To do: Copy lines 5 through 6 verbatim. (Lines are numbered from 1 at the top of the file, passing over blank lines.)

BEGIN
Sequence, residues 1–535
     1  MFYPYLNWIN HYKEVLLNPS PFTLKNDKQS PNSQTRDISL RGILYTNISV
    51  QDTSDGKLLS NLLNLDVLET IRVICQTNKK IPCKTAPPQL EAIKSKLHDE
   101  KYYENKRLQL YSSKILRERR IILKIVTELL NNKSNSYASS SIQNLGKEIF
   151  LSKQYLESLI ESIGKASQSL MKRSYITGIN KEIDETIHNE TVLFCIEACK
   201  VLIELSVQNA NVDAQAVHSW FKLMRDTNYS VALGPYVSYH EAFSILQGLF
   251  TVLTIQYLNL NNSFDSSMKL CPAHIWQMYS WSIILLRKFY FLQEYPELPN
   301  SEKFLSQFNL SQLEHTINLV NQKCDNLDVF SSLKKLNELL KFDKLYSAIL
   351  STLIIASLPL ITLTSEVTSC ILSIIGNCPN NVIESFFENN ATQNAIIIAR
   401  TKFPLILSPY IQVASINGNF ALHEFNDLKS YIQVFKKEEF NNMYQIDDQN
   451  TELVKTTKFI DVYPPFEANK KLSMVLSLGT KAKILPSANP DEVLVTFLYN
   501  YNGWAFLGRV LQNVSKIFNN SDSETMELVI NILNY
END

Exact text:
   151  LSKQYLESLI ESIGKASQSL MKRSYITGIN KEIDETIHNE TVLFCIEACK
   201  VLIELSVQNA NVDAQAVHSW FKLMRDTNYS VALGPYVSYH EAFSILQGLF